|Volatile Organic Compounds
What are Volatile Organic Compounds?
Volatile Organic Compounds (VOCs) are carbon-based molecules that readily dissipate or vaporize in air. Among the most common VOCs are those chemicals used as solvents, degreasers, fumigants, gasoline additives, and dry cleaning chemicals. Most of these chemicals are chlorinated hydrocarbons and have names such as trichloroethylene (TCE), carbon tetrachloride, and dichlorethane. Another common VOC is benzene, which is found in petroleum and petroleum by-products. Benzene can also be chlorinated to form VOCs such as chlorobenzene, dichlorobenzene, and dichlorobenzene. VOCs are very mobile which enables them to percolate through the ground into wells and aquifers. Once in the groundwater, most VOCs do not break down easily and may remain for long periods of time. VOCs enter the groundwater from spills and leaks, improper storage and disposal, and industrial discharges and run-off. VOCs also enter the groundwater from improper disposal of household wastes, particularly used motor oil and cleaning fluids.
How are VOCs tested?
A properly collected and preserved sample must be obtained. The holding time (i.e., time which VOCs must be analyzed after sample collection) is 14 days. There are two NJDEP certified test methods for VOCs one uses Gas Chromatography (GC) while the most sophisticated method uses GC/Mass Spectroscopy (GC/MS). The proper sampling of VOCs is very critical to obtaining quality analytical results.
What are the current Standards?
Currently there are 26 regulated VOCs reported for PWTA analysis. The compounds with the most health risks have the lowest standards. For example, Benzene has a Maximum Contaminant Level (MCL) of 1 ppb (ug/L microgram per liter) while Toluene has a MCL of 1,000 ug/L.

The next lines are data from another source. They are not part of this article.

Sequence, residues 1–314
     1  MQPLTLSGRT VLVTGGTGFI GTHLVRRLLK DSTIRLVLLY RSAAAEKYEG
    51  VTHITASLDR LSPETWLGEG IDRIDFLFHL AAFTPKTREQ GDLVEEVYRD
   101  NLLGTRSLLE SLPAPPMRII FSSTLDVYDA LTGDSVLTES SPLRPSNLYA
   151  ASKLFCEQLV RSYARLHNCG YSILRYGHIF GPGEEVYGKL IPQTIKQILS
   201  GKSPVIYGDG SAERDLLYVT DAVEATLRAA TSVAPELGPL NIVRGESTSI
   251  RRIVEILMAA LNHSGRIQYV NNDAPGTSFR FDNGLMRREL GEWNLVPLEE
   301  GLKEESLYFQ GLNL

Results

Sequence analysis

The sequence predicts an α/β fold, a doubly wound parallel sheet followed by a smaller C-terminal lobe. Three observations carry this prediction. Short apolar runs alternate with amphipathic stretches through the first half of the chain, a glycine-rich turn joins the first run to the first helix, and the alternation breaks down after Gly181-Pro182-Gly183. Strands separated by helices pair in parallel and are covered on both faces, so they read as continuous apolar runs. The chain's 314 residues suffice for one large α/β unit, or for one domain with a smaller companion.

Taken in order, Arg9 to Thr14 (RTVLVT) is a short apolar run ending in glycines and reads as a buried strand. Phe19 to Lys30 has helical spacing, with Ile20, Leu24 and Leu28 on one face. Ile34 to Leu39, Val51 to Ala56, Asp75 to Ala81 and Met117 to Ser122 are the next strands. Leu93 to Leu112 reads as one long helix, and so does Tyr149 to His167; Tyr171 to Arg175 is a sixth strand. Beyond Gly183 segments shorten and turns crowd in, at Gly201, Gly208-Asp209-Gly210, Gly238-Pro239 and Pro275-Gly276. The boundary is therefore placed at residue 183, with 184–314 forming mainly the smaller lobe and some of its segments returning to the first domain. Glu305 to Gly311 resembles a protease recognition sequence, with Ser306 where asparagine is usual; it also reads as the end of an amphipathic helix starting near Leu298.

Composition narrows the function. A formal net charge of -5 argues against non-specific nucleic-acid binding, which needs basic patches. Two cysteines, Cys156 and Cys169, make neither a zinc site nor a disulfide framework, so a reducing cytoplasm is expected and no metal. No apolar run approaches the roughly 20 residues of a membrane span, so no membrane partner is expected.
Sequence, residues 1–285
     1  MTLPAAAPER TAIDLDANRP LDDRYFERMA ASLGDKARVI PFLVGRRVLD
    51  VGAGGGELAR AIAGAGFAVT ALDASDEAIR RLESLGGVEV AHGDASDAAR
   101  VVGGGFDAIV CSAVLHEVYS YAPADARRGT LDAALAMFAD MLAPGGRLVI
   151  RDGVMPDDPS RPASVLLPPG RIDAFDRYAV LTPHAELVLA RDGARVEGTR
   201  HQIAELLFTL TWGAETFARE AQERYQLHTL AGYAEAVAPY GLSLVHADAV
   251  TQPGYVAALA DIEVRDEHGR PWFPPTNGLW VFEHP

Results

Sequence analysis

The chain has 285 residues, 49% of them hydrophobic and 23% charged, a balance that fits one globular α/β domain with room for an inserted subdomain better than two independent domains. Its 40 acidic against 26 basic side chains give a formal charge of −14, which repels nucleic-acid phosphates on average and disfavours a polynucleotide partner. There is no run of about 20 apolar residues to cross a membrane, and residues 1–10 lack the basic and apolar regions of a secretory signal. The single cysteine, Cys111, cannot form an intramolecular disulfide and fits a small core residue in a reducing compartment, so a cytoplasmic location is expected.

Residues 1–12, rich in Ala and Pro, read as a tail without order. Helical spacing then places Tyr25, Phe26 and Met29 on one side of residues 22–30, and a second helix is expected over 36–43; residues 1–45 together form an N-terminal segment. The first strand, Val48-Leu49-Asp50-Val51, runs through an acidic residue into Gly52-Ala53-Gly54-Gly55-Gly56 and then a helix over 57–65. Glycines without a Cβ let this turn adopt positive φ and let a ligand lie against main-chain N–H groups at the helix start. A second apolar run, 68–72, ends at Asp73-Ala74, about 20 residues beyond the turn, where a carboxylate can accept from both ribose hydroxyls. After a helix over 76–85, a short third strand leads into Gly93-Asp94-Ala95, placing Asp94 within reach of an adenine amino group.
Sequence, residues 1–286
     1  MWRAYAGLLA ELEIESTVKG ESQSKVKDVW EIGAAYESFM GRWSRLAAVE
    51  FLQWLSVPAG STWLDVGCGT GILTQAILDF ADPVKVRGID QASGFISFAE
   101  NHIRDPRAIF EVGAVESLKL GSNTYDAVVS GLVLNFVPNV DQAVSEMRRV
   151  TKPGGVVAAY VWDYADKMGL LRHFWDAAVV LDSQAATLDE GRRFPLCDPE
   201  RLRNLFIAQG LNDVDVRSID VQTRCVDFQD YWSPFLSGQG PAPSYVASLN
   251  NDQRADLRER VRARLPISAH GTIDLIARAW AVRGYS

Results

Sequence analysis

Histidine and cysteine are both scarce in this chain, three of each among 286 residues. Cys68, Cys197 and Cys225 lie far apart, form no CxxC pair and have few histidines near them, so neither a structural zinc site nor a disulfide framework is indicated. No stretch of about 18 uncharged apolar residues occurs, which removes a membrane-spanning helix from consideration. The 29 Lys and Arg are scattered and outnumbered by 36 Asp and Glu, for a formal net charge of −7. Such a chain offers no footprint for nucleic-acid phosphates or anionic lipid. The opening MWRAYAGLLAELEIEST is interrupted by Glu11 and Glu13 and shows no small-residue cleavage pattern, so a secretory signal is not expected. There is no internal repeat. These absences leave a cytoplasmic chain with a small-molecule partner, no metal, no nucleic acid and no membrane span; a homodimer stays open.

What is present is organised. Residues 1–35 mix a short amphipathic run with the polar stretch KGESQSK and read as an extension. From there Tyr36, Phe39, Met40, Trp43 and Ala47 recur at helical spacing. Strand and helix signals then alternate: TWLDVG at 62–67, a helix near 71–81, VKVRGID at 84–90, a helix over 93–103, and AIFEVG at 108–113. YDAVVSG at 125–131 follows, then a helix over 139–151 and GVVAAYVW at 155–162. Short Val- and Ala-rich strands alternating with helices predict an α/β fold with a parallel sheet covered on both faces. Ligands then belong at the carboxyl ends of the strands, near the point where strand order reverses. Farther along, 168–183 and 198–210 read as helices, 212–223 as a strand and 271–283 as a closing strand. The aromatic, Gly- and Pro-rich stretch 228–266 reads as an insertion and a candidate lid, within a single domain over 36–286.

What are the potential Health Effects with ingesting VOCs in water?
The potential health effects are generally cancer causing and affect major organs such as the kidney, liver, circulatory system and nervous system.
Should I continue to use my water if the VOCs are not within the MCLs?
You should not continue to drink the water. You should alert the local health agency and follow their advice.
What steps can I take to reduce VOC levels in my water?
Short Term: purchase bottled water.
Long Term: 1.) Connect to public water 2.) Well replacement 3.) Water Treatment: Point of Entry Treatment System (POET) or Point of Use (POU) Treatment System with Activated Carbon Filtration or Air Stripping. 4.) Contact you local Health Agency and a Water Treatment Professional.
If you install a water treatment system, be sure to conduct another test after the water has been treated to verify that the system is working effectively.
Where can I go for more information?
Your best help may be your local Health Agency. Also, go to the Helpful Links section of this website.
This information is meant to serve as a basic overview of the material discussed. Always obtain professional advice prior to implementing a plan of action.